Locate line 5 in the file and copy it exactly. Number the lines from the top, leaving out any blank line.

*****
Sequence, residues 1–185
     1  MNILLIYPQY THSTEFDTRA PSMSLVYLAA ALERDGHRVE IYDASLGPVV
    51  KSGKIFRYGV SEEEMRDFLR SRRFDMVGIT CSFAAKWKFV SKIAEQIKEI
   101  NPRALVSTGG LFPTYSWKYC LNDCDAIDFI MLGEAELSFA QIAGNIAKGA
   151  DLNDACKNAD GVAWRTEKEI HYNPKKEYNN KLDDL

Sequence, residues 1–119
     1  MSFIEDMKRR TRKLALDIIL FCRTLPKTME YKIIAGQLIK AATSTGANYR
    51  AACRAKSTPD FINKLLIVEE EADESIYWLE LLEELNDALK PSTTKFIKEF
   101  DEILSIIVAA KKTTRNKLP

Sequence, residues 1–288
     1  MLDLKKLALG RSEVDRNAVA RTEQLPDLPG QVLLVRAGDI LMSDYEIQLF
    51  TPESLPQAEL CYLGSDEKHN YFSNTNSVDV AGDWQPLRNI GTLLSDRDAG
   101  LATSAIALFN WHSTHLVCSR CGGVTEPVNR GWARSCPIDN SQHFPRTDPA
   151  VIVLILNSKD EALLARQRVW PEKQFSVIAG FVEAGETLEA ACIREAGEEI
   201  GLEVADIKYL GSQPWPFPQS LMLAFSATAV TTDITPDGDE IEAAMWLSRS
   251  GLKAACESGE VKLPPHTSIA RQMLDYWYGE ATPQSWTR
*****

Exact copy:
   151  DLNDACKNAD GVAWRTEKEI HYNPKKEYNN KLDDL